Recruitment Dynamics and Predictability of Worldwide Marine Fish Populations

Wednesday, August 20, 2014: 10:30 AM
301B (Centre des congrès de Québec // Québec City Convention Centre)
Cody Szuwalski , Bren School of Environmental Science and Management, University of California Santa Barbara, Santa Barbara, CA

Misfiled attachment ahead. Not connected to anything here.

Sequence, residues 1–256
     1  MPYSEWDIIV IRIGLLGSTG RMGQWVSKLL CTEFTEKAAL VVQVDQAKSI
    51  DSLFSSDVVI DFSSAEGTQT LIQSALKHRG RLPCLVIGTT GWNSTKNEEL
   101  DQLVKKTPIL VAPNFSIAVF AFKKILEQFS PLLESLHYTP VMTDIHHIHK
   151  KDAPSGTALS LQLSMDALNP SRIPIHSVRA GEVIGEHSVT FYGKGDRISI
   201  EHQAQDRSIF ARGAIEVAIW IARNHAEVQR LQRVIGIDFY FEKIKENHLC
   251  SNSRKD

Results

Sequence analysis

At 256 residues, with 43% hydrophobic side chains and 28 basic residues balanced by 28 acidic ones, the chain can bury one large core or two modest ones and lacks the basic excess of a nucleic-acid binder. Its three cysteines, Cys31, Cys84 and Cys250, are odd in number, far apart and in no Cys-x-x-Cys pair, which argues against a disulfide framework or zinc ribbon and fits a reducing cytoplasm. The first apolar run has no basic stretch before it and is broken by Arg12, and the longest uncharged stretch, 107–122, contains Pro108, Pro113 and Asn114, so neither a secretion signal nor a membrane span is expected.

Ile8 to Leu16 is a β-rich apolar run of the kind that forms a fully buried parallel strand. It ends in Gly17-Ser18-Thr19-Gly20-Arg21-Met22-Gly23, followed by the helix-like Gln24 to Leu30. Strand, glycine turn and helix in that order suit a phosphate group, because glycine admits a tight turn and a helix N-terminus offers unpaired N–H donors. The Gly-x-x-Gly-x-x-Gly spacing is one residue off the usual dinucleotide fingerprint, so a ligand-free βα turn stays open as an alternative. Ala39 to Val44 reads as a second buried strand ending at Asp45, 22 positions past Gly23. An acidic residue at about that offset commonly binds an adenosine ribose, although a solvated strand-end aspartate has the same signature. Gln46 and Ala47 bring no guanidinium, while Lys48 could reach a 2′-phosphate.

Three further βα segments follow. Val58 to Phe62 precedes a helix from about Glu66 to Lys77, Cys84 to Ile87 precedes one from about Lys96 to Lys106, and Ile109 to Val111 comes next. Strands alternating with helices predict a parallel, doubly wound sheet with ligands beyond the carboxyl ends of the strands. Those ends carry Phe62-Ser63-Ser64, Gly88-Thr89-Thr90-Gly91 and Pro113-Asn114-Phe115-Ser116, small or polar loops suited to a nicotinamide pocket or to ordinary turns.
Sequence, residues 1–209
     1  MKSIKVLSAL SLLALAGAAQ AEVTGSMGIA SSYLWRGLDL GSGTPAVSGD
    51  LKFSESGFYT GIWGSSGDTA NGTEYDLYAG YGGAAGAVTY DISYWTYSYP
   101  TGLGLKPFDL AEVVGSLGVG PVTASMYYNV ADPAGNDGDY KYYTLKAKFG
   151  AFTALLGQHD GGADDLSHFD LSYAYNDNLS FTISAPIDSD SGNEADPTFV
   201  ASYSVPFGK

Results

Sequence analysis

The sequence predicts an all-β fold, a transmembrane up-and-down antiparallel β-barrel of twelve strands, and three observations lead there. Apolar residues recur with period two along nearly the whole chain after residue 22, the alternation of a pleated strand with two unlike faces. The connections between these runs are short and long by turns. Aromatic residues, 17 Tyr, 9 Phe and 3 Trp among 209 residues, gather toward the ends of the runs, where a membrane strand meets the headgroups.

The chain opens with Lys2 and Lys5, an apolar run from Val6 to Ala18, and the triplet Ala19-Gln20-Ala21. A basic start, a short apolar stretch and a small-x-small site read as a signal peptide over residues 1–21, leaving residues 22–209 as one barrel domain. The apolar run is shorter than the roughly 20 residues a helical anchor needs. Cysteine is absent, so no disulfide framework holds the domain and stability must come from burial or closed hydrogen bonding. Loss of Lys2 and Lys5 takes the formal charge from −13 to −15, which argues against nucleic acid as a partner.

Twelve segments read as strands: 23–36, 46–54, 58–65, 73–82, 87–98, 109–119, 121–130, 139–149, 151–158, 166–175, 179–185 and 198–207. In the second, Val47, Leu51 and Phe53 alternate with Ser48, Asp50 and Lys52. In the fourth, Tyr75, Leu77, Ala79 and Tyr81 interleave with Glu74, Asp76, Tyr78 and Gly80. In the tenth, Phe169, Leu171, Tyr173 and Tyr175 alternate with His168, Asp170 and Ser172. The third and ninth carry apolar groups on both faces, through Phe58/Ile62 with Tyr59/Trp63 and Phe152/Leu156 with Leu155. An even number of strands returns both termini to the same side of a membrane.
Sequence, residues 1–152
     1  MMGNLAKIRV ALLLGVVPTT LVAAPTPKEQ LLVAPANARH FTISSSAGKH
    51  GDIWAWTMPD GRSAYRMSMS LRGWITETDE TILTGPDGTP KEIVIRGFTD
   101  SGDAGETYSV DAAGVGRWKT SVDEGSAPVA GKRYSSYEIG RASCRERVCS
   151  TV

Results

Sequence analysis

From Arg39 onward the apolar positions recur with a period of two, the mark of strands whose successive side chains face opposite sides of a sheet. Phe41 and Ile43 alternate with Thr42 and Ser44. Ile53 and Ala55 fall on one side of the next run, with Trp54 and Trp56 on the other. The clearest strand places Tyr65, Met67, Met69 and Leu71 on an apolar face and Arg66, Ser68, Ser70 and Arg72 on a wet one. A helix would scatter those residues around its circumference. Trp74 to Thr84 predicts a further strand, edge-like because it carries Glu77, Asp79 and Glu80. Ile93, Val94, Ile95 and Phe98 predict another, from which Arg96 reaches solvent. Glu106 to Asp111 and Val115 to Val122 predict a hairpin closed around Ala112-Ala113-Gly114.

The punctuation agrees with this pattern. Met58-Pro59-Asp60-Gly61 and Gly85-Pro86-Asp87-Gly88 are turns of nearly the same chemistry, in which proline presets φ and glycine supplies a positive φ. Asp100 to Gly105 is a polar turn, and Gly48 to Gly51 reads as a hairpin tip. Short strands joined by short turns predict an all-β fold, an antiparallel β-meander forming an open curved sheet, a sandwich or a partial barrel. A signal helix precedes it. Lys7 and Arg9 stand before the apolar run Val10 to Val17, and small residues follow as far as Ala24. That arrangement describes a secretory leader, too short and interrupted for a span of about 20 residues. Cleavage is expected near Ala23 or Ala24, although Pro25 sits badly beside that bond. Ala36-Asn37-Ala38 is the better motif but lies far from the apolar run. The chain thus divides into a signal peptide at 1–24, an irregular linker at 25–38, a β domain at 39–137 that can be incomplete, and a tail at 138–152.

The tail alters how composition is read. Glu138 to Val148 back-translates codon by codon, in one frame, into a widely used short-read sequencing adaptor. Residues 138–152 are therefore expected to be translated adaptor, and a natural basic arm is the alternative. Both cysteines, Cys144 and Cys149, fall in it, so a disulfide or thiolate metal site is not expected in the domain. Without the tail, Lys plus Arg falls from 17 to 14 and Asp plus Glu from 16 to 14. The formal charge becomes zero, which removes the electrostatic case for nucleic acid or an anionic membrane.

Assumptions about the future productivity of a stock are necessary to calculate sustainable catches in fisheries management. Fisheries scientists often assume the number of young fish entering a population (recruitment) is related to the biomass of spawning adults and that recruitment dynamics do not change over time. Thus, managers often use a target biomass based on spawning biomass as the basis for calculating sustainable catches. However, we show recruitment and spawning biomass are not positively related over the observed range of stock sizes for 61% of 224 stocks in the RAM Legacy Stock Assessment Database.  Furthermore, 85% of stocks for which spawning biomass may not drive recruitment dynamics over the observed ranges exhibit shifts in average recruitment, which is often used in proxies for target biomasses. Our results suggest that the environment more strongly influences recruitment than spawning biomass over the observed stock sizes for many stocks.  Management often endeavors to maintain stock sizes within the observed ranges, so methods for setting management targets that include changes within an ecosystem may better define the status of some stocks, particularly as climate changes.